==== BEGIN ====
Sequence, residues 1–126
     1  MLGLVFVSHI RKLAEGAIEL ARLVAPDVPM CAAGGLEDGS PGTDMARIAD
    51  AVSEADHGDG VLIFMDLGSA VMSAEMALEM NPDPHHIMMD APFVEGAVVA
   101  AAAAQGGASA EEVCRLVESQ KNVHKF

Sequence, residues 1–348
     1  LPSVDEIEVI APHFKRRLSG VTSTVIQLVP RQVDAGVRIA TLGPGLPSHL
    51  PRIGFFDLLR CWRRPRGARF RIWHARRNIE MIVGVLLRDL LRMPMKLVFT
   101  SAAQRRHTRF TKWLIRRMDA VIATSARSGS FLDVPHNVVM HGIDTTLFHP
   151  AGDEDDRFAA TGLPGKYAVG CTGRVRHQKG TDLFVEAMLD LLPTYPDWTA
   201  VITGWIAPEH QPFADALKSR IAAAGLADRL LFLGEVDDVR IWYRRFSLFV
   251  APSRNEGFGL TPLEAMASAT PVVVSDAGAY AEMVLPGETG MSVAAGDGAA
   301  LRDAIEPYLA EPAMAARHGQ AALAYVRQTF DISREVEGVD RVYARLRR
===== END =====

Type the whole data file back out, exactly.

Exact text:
Sequence, residues 1–126
     1  MLGLVFVSHI RKLAEGAIEL ARLVAPDVPM CAAGGLEDGS PGTDMARIAD
    51  AVSEADHGDG VLIFMDLGSA VMSAEMALEM NPDPHHIMMD APFVEGAVVA
   101  AAAAQGGASA EEVCRLVESQ KNVHKF

Sequence, residues 1–348
     1  LPSVDEIEVI APHFKRRLSG VTSTVIQLVP RQVDAGVRIA TLGPGLPSHL
    51  PRIGFFDLLR CWRRPRGARF RIWHARRNIE MIVGVLLRDL LRMPMKLVFT
   101  SAAQRRHTRF TKWLIRRMDA VIATSARSGS FLDVPHNVVM HGIDTTLFHP
   151  AGDEDDRFAA TGLPGKYAVG CTGRVRHQKG TDLFVEAMLD LLPTYPDWTA
   201  VITGWIAPEH QPFADALKSR IAAAGLADRL LFLGEVDDVR IWYRRFSLFV
   251  APSRNEGFGL TPLEAMASAT PVVVSDAGAY AEMVLPGETG MSVAAGDGAA
   301  LRDAIEPYLA EPAMAARHGQ AALAYVRQTF DISREVEGVD RVYARLRR